Why are Republicans letting Trump's son-in-law, and one of his closest advisers, off the hook?
Jared Kushner, Donald Trump's son-in-law and senior White House aide, is "spooked" about testifying to the Senate Judiciary Committee, according to Chuck Grassley (R-IA), the chairman of the committee.
Republicans seem ready to give Kushner a pass, despite a pile of concerns and red flags about his actions and behavior.
The committee is probing Russia's interference in the 2016 election and its ties to the Trump campaign, where Kushner was involved at a senior level.
Kushner had agreed to testify to the committee, but after transcripts of interviews with Fusion GPS founder Glenn Simpson were released, he changed his mind.
"It looks like our chances of getting a voluntary interview with Mr. Kushner has been shot," Grassley said.
The tepid response to a key figure backing out of previously planned testimony is part of a pattern of Republicans covering for Trump and his underlings. Rather than representing the will of a majority of Americans who want to get to the bottom of the scandal, Republicans and their allies at outlets like Fox News are playing a game of interference on Trump's behalf.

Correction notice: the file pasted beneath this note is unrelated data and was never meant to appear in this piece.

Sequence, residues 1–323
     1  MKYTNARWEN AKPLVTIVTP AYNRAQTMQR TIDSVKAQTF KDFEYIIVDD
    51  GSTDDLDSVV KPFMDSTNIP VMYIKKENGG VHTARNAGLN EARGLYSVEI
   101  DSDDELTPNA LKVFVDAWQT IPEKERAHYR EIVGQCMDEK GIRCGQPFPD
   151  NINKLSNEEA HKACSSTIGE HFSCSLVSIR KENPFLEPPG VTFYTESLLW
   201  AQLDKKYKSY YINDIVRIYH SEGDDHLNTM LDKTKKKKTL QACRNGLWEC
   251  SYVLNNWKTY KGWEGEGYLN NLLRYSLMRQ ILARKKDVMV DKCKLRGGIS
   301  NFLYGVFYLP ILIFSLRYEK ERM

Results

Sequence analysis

The reaction is especially glaring considering Kushner's actions.
Thanks to his repeated Russian contacts, Kushner has been cited as someone who the FBI investigation has been focusing on. But that doesn't seem to bother Republicans.
Kushner was one of the principals, along with Donald Trump Jr. and campaign chairman Paul Manafort, who took a meeting at Trump Tower with Russians peddling campaign dirt on Hillary Clinton.
He was also a key decision maker who worked to implement the Trump campaign's digital strategy, which has also come under investigation. The campaign's digital director, Brad Parscale, recently confirmed that Kushner and Eric Trump were "were joint deputy campaign managers" and that "not one person made a decision without their approval."
His actions since complicate matters further. While Trump has put his son-in-law in charge of major issues, like the Middle East peace process, Kushner has repeatedly been caught failing to include all of his assets on federal disclosure forms. The behavior has led several Democrats to call for his security status to be revoked.
Kushner is central to the Russia story and the related actions of the Trump campaign and administration. That he is backing out of congressional testimony should push Republicans to be even more interested in what he might have to say under oath.
Instead, they are backing off and letting Kushner and Trump off the hook.